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  7. Dubya
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    Dubya Senior Member

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    Thanks for the report, I didn't know it was that bad.
     
  8. Old Rocks
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    And this is precisely how the drilling industry gets a bad reputation. Whomever makes the decisions on this, private or public, needs to be educated on the value of clean water. Or forced to drink what they allowed dumped into the public waters for the rest of their lives.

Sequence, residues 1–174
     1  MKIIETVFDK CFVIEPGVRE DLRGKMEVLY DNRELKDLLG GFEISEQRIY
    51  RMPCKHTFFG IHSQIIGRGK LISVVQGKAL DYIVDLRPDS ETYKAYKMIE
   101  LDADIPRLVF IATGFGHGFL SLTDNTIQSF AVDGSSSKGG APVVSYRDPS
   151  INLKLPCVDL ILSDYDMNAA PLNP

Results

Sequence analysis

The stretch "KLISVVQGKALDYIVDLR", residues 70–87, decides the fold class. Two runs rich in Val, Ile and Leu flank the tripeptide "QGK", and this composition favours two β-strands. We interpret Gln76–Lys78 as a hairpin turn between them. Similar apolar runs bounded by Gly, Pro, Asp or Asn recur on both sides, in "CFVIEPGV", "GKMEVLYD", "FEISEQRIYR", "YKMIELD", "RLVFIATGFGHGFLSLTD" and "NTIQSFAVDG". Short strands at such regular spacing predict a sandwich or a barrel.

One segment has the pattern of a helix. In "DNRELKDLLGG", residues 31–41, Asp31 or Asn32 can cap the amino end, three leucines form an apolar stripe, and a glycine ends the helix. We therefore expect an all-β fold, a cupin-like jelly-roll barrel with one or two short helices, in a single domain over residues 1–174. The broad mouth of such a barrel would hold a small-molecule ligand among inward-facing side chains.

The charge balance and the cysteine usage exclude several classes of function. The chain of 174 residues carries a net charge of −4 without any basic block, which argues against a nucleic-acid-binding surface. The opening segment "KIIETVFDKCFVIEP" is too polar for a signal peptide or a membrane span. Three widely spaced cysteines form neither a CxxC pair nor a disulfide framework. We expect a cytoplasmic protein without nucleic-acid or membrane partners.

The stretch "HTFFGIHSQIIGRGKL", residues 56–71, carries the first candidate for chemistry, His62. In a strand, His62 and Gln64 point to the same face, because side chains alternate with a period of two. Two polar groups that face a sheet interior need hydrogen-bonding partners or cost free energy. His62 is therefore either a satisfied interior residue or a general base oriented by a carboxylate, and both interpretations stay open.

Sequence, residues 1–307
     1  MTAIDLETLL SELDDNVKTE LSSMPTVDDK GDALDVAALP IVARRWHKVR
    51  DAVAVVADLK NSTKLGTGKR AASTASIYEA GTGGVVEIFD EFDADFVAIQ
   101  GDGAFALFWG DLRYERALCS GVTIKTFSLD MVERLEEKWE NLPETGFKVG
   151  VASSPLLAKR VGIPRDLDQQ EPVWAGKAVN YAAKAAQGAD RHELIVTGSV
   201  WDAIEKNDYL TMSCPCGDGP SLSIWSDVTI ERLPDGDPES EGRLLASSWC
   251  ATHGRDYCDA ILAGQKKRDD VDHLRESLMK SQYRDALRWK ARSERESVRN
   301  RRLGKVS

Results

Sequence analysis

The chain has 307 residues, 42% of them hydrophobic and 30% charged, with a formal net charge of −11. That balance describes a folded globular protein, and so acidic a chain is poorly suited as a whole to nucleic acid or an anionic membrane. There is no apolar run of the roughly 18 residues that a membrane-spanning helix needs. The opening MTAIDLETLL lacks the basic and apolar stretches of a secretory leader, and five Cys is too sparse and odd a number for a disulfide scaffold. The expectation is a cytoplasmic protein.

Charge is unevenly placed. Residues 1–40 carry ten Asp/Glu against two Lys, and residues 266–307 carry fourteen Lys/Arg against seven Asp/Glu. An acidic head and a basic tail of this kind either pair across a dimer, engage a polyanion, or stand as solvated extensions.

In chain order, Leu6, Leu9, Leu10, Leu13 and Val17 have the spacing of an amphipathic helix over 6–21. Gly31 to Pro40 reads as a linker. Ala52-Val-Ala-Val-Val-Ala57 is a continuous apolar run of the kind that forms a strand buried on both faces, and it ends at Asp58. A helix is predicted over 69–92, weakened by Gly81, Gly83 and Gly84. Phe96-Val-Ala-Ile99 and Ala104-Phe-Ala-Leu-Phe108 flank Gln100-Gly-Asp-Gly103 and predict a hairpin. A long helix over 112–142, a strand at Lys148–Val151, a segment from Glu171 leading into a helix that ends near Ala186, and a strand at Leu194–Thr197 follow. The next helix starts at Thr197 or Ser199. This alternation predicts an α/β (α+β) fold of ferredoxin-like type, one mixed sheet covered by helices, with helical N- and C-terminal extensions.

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  9. percysunshine
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    percysunshine Gold Member

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    The progressive global warminists have been lying to us all these years?

    Say it ain't so.
     
  10. Dubya
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    Dubya Senior Member

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    Scientists have been warning about global warming and their predictions have come true. Conservatives cared about global warming, until the big corporations took control of their think tanks. There is the difference; I don't need a think tank telling me how or what to think.